FROM Daniel Rothberg
The Las Vegas Strip turned into a war zone A gunman shot and killed at least 58 people and wounded more than 500 at a Country Music Festival in Las Vegas. Automatic gunfire rained down on a crowd of 22,000 from the 32nd floor of the Mandalay Hotel. ISIS, the terrorist group, claims the shooter was a convert, but the FBI calls that “nonsense.” Local police say the shooter killed himself just as they blew open the door of his room. Sixty-four-year-old Stephen Craig Paddock was a Nevada resident with no criminal record. It’s believed he acted alone. President Trump has called for national unity after the incident he described as “an act of pure evil.”
The Syrian War and Secret U.S. Support As crisis grows more dangerous by the day, nobody yet knows what the Obama Administration is doing to help Syrian rebels against the al-Assad regime. We’ll have reports from inside the country and ask if it’s time for the US to become more directly involved—whatever the risks might be. Also, Bo Xilai’s Wife Reportedly Confesses to Murder Charges and we take a look at who gets what in public tragedies.
Los Angeles Sikhs React to Wisconsin Temple Attack Yesterday's killing of six people at a Sikh temple in Oak Creek, Wisconsin has reverberations in Southern California, where many Sikhs live and worship.
Mars Rover 'Curiosity' Approaches the Red Planet In two days, the rover Curiosity is scheduled to land on Mars. We find out what's at stake for the mission, space exploration and the search for life in the universe.
Is Temporary Labor the New Permanent? Temporary employment is on the rise. We look at the potential consequences, which may be very different for blue-collar workers than for professionals or executives.
The London Olympics Begin Today on To The Point, we’ll get some previews and take a look at how much the Olympic Games really mean to different countries around the world. Also, a look at guns and the presidential campaign, and China's dramatic political upheaval as the wife of Bo Xilai faces murder charges.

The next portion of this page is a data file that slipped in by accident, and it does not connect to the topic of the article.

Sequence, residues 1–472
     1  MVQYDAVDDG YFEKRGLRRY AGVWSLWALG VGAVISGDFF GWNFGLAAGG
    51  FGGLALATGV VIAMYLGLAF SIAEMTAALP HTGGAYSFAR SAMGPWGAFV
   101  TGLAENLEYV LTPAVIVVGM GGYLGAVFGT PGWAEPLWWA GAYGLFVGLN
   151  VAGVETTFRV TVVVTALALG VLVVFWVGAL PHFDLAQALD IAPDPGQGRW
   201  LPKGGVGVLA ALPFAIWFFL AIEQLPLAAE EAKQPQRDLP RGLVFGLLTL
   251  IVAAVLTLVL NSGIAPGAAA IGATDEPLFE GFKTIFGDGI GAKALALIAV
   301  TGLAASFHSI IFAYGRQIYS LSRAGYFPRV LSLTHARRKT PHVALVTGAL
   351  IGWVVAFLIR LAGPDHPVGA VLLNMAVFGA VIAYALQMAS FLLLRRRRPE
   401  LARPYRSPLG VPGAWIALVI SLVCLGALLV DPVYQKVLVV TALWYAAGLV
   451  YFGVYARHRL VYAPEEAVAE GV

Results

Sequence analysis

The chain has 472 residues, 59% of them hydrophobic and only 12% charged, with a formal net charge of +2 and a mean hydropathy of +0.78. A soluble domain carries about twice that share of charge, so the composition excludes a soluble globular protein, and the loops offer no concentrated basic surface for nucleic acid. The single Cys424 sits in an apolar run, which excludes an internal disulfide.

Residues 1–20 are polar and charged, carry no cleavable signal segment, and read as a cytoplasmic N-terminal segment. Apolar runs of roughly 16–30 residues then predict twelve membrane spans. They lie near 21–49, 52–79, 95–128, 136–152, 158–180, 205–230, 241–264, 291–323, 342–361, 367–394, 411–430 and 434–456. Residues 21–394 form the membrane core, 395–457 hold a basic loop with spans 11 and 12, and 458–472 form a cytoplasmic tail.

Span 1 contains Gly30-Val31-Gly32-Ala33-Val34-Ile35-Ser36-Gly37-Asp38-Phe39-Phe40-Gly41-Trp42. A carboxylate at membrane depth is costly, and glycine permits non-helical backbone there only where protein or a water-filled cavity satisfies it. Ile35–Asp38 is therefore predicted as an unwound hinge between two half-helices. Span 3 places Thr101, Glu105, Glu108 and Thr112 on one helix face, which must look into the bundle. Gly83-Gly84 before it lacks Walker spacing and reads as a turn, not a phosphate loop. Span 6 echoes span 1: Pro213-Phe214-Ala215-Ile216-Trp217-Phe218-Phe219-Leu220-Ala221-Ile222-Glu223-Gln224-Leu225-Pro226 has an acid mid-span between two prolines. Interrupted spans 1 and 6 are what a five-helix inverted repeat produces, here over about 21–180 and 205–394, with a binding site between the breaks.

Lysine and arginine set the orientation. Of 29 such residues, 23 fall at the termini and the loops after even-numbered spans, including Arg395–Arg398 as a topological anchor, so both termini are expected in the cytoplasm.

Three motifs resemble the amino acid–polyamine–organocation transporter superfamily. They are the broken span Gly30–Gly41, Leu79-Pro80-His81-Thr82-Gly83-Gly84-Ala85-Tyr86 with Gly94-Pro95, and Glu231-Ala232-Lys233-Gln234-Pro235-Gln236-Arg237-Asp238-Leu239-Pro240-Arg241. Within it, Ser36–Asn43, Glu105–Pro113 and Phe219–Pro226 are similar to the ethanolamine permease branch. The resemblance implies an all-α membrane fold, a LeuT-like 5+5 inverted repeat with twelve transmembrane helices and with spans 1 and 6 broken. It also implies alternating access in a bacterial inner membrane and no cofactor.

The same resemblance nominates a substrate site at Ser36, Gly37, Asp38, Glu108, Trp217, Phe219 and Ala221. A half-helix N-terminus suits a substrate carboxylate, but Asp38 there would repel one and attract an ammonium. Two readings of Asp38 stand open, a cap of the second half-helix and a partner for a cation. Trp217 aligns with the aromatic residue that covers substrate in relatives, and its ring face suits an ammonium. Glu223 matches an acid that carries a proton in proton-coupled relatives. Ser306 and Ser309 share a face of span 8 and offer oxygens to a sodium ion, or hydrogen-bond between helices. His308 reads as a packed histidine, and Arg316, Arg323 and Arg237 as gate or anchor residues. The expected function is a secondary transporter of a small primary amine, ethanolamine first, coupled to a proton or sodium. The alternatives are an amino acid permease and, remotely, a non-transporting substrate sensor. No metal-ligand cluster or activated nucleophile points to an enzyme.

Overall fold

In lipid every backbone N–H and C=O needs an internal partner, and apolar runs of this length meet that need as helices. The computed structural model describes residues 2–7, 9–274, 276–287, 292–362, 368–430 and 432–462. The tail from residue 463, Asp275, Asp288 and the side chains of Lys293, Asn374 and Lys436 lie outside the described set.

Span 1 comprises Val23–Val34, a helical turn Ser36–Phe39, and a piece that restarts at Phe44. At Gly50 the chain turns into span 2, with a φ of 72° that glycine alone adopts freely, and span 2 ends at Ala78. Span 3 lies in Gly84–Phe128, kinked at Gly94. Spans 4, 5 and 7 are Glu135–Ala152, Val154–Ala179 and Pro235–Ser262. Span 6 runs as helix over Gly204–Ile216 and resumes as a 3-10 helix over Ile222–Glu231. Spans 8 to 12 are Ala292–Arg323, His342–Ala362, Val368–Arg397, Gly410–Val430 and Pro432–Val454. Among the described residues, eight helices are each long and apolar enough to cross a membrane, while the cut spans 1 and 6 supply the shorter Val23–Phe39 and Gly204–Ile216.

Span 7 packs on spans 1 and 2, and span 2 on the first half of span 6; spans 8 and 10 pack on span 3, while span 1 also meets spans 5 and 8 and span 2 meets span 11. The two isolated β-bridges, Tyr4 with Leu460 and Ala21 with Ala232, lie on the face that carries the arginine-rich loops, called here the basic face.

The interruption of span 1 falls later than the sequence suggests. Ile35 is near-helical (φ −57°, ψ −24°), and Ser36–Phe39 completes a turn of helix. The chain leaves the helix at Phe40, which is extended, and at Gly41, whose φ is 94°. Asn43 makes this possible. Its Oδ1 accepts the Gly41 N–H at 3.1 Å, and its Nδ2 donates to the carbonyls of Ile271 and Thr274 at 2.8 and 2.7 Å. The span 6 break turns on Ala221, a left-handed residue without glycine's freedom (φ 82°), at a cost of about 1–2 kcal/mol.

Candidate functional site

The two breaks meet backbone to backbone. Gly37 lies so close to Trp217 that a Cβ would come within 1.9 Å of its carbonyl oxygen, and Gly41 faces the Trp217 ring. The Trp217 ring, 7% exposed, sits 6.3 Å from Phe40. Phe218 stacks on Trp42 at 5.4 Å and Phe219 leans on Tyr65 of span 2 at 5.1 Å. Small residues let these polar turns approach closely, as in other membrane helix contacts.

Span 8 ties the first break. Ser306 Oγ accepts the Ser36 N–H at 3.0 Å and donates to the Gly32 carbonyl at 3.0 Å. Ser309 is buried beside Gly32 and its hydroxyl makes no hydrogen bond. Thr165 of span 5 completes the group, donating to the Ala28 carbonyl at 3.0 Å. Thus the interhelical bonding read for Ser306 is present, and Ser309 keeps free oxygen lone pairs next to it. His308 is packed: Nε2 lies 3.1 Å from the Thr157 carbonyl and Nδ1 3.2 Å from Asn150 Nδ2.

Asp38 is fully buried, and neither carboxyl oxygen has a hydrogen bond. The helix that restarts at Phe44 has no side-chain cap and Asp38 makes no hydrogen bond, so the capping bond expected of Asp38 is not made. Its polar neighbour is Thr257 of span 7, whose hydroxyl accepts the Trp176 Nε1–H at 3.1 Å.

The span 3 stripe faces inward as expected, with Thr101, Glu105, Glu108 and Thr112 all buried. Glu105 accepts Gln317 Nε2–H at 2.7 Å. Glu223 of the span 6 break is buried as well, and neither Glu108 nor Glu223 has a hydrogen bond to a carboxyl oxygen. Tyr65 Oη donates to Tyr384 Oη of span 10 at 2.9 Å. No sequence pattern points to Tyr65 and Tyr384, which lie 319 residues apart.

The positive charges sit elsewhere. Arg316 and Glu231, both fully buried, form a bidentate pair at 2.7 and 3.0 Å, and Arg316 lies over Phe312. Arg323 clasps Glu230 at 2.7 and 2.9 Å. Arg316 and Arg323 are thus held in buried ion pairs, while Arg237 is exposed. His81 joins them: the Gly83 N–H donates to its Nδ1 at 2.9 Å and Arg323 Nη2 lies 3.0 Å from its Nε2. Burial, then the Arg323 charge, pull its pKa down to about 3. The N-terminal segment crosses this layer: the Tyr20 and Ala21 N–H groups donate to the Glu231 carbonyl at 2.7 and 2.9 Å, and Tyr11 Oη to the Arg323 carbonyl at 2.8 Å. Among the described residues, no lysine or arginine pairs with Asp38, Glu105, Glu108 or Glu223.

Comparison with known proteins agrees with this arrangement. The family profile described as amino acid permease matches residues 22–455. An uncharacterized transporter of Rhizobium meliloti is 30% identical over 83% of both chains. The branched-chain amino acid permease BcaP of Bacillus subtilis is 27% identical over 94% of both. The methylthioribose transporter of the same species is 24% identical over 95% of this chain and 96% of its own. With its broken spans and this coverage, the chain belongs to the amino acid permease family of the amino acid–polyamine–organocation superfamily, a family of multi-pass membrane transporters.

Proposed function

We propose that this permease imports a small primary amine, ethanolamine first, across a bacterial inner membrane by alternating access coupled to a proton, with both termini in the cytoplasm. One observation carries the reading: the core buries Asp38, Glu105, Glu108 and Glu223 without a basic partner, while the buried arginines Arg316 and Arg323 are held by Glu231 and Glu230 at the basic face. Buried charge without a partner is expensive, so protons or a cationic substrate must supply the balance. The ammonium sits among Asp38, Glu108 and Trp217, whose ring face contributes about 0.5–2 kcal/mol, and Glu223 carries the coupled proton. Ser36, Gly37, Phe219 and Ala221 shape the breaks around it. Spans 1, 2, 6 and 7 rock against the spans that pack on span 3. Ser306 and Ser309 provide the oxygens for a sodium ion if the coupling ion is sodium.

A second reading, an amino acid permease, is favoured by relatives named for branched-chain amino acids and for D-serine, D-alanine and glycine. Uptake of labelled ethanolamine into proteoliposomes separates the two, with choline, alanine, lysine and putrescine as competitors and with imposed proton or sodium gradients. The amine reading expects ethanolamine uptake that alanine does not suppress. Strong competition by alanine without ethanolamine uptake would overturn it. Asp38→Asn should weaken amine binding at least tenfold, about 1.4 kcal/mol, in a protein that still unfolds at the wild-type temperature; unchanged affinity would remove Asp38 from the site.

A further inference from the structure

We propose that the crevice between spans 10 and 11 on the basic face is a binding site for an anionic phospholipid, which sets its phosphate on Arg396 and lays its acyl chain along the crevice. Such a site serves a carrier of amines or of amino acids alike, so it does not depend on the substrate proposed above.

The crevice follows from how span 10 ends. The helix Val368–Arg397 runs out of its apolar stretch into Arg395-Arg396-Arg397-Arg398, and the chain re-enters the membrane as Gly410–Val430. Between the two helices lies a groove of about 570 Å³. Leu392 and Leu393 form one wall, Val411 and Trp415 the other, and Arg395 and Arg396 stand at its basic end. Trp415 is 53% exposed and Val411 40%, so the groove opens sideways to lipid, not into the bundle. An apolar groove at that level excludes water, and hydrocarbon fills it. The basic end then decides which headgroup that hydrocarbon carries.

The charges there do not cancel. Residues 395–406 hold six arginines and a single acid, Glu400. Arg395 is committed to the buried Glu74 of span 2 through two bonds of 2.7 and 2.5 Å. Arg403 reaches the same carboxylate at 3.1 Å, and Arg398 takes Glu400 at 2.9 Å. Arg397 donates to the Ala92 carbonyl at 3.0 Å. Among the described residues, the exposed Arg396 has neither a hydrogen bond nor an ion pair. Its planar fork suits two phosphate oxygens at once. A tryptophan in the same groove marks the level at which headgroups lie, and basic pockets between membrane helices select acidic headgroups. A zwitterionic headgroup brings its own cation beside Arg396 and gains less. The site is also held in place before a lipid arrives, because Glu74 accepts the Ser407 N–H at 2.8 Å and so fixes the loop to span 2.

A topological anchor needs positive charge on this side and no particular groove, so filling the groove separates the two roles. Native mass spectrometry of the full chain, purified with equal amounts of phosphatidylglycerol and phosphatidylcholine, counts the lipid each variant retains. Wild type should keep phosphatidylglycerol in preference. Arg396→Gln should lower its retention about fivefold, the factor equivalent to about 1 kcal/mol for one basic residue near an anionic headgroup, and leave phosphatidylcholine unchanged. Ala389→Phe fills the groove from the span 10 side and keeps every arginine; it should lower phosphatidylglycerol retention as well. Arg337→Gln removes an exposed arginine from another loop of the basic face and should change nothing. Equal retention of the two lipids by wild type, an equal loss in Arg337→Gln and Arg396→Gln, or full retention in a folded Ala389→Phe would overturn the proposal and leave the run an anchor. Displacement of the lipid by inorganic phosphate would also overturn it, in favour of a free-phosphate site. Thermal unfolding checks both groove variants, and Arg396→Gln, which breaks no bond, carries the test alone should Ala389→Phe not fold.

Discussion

Penn State, Football Culture and the NCAA In the aftermath of the pedophilia scandal, Penn State football will be hit hard by NCAA sanctions. But will they change the culture of football nationwide and restore the balance between sports and the classroom? On Reporter's Notebook, after Mitt Romney slammed President Obama on his way overseas, campaign advisors tell British reporters the White House doesn’t appreciate a “shared history.” Also, Ford Motor Company's profits are down.
Trump's new look at civil rights and global warming President Trump is reportedly ready to pull the US out of the Paris Agreement on Climate Change. We look at the possible consequences. On the second half of the program, we hear about cuts in Obama-Era civil rights programs called for by the Trump Administration's first budget plan.
Who's to blame for the opioid crisis? Some of the lawyers who took on Big Tobacco are now going after Big Pharma. It’s all about the deadly epidemic of opioid use. Are the drug companies to blame? What about the users? Later, on today’s Talking Point: making sense of Britain’s upset election.
The longest US war: Will Trump send more troops to Afghanistan? The Trump White House is divided over the Pentagon's request for more troops in Afghanistan—where the US has been fighting for the past 16 years. Is there a formula -- either for "victory" or a political settlement? Is there an end in sight for America's longest war?